The next series of posts in the Ellery Queen series will discuss the first three Ellery Queen novels: The Roman Hat Mystery (1929), The French Powder Mystery (1930), and The Dutch Shoe Mystery (1931) principally in terms of how they negotiate the genre conventions of detective fiction.
(Since my last post, my copy of The Roman Hat Mystery has gone from “starting to fall apart” to, “well, actually, kind of fallen apart already,” as it has lost its front cover. I blame one (or another) of my cats.)
The Roman Hat Mystery is brazenly up-front about certain of its genre conventions. The victim is identified before we start the novel, and the “Lexicon of Persons” identifies all the other major players, as well—except, of course, for that small but crucial detail of whodunit. The victim, Monte Field, is utterly unsympathetic: a crooked lawyer, a blackmailer. The last thing he does before meeting with his murderer is to harass an innocent young woman.
The murderer, though, is scarcely any better. Murdering a blackmailer is one of those crimes that mystery fiction tends to be ambivalent about; some detectives will let people who murder their blackmailers go free. In this case, however, not only does Stephen Barry murder Monte Field, he also very carefully sets up a patsy to take the fall for him. And the dirt Field has on Barry is....
“Stephen Barry, to make it short and ugly, has a strain of negroid blood in his veins. He was born in the South of a poor family and there was definite documentary evidence—letters, birth records, and the like—to prove that his blood had the black taint.”
And the character speaking, using hateful phrases like “the black taint,” is Ellery’s father, Inspector Queen, someone whom we are meant, in all the Ellery Queen books, to regard as both good and wise. Even when I remind myself the book was published in 1929, the racism is so alienating to me that I have trouble parsing what Dannay & Lee were actually trying to do. Obviously, the characters agree that this is a secret a person would kill to keep, but it’s also made clear that Barry is a reprehensible person. He’s trying to keep his secret from the wealthy girl he wants to marry:
“I needn’t explain what it would have meant to Barry to have the story of his mixed blood become known to the Ives-Popes. Besides—and this is quite important—Barry was in a constant state of impoverishment due to his gambling. What money he earned went into the pockets of the bookmakers at the racetrack and in addition he had contracted enormous debts which he could never have wiped out unless his marriage to Frances went through. So pressing was his need, in fact, that it was he who subtly urged an early marriage. I have been wondering just how he regarded Frances sentimentally. I don’t think, in all fairness to him, that he was marrying wholly because of the money involved. He really loves her, I suppose—but then, who wouldn’t?”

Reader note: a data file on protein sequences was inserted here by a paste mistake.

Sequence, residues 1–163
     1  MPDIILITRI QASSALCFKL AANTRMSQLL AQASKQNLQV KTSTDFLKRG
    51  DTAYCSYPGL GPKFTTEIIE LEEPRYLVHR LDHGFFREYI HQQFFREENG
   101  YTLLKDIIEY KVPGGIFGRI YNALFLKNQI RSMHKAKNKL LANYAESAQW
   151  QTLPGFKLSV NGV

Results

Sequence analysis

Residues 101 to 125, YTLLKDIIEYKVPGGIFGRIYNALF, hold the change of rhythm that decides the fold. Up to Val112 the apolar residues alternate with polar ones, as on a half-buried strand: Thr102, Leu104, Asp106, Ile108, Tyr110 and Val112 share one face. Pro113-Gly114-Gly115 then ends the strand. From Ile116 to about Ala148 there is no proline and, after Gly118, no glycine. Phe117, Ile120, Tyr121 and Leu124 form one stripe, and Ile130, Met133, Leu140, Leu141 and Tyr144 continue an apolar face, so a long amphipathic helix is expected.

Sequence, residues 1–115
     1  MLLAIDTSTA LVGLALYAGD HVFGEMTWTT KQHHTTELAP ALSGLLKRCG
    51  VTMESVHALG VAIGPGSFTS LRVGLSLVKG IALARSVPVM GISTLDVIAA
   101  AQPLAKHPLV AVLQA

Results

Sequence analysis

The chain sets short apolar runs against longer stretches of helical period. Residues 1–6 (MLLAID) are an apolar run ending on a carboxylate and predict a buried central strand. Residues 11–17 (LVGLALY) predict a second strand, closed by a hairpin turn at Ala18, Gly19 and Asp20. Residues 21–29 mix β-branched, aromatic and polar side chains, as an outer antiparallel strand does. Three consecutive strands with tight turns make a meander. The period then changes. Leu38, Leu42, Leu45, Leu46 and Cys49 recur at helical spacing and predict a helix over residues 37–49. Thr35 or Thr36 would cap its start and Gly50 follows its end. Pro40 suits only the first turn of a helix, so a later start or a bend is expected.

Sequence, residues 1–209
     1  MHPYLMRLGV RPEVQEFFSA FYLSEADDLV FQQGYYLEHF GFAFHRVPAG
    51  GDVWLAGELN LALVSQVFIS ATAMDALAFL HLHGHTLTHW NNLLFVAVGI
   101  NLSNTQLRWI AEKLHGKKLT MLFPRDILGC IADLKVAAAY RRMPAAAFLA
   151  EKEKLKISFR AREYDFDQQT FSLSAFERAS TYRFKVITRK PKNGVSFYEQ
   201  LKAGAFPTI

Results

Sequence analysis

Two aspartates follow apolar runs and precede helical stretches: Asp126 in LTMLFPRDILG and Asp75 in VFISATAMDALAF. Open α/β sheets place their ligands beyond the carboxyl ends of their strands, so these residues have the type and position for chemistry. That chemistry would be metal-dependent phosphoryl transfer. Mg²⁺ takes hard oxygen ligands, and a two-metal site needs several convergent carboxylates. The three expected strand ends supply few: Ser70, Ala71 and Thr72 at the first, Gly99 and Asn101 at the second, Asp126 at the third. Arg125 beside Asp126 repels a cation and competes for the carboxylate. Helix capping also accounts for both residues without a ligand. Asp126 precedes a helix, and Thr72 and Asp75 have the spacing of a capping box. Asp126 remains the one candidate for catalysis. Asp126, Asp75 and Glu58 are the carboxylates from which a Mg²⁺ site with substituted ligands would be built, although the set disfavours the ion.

Frances Ives-Pope, by the way, is a colorless ingenue, a kind of hangover from the Victorian Angel in the House. Her loveability—like much of the characterization in TRHM—is something we are told rather than something we feel for ourselves.
And it doesn’t answer the question of how we’re supposed to interpret Stephen Barry, who, as it happens, is almost never on stage in the novel, except as Frances Ives-Pope’s faithful fiancé—even his confession is relayed to us by Inspector Queen, not presented directly. Is his “bad blood” (and words cannot express how sarcastic those quote marks are) responsible for his bad character? Or is he a bad person who happens also to have a secret he’ll kill to keep? The novel never gives us enough information to decide one way or the other; we never get a good clear look at Monte Field’s murderer.
Ellery Queen novels tend to be a little slipshod about that part: the part where the murderer and his/her guilt should be reviewed objectively, where the evidence should stand up in a court of law. Murderers confess (as Stephen Barry does), or they commit suicide by cop, or in some other way obligingly elide the necessity of proving their guilt to a jury. Certainly, Ellery never has to testify in court at the end of one of these novels. Or be cross-examined.
And since that subject segues into a whole new can of worms—the conventions surrounding the detective and his relationship with the police—this is probably a good place to end this post.
Sarah Monette likes living in the future.